How naturally a common meal serves for a symbol of fraternity; how easily a scratch party of guests get on together if you take them out for a picnic in the open air! Just imagine what it must have meant, later on, if one of those five thousand met, by accident, one of the others; what fellowship must have been imposed on them by their common store of reminiscences! "Yes, don't you remember, I was sitting about seven or eight off you, and Peter — or John, or James, or Judas — came round with the crust which looked as if it could never satisfy more than two; we both seemed to be in starvation corner, didn't we? And then when he got to the end of the row the crust was still there."You know, it never occurred to me to think about any of the people for whom Jesus multiplied the loaves and fishes, at least from the point of view of their lives later on. There were so many of them, in one case 5,000 and in another 4,000, and Israel was a small country. Maybe a lot of them were related. Of course, they would have bumped into each other later on.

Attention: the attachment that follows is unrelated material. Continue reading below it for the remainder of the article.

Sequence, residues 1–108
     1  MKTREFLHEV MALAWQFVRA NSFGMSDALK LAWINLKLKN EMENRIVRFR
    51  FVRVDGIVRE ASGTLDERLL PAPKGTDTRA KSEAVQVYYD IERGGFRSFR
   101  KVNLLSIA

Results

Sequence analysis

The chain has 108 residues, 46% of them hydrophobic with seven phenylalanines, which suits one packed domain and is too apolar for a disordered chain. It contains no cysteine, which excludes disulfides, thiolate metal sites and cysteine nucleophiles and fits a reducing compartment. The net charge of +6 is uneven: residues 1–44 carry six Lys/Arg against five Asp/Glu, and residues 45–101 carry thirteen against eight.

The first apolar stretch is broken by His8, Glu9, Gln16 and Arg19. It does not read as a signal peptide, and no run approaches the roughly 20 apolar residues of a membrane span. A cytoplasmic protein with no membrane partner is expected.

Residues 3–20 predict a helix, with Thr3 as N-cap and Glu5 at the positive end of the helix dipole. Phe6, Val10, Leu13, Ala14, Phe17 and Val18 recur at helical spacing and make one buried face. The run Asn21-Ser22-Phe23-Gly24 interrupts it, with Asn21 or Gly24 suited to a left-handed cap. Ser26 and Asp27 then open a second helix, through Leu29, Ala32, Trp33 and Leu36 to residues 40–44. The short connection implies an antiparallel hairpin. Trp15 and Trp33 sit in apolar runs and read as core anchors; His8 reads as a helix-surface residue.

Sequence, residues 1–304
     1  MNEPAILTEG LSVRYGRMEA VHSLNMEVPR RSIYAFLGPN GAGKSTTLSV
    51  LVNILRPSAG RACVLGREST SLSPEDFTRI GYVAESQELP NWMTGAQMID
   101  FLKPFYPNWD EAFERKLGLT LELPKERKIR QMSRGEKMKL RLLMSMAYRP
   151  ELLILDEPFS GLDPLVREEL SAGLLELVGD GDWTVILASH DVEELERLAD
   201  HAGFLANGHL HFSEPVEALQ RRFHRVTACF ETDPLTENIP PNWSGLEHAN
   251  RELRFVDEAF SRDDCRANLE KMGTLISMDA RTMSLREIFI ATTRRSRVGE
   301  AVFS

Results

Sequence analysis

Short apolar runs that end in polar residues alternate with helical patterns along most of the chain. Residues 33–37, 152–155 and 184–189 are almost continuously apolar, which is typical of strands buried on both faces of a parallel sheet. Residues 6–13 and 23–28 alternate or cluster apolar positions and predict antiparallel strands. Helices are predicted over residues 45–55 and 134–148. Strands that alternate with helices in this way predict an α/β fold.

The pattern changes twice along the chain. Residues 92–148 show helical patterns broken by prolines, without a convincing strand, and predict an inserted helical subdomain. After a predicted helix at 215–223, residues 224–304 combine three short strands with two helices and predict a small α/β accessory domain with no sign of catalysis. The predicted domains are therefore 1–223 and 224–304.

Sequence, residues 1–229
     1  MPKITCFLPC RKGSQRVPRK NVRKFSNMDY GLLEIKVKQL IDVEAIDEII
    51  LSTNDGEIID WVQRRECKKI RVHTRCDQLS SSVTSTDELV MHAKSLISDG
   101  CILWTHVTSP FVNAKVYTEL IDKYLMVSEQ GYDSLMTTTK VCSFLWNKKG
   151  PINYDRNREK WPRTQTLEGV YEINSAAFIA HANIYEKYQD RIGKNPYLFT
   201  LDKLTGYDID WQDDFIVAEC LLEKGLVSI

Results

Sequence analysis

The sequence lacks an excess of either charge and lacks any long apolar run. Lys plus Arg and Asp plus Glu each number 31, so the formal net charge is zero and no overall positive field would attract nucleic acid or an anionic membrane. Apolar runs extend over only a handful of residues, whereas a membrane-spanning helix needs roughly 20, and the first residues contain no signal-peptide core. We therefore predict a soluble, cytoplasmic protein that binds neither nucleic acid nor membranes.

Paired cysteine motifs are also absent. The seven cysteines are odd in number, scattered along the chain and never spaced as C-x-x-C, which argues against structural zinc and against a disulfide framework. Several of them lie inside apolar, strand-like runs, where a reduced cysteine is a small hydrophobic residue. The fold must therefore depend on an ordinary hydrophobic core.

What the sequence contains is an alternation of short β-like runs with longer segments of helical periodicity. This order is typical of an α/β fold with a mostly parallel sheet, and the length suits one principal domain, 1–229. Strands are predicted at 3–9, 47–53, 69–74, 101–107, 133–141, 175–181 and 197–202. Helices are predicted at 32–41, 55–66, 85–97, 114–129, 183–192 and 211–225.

G. Chevrot, The Well of Lifevia In Conversation with God, vol. 4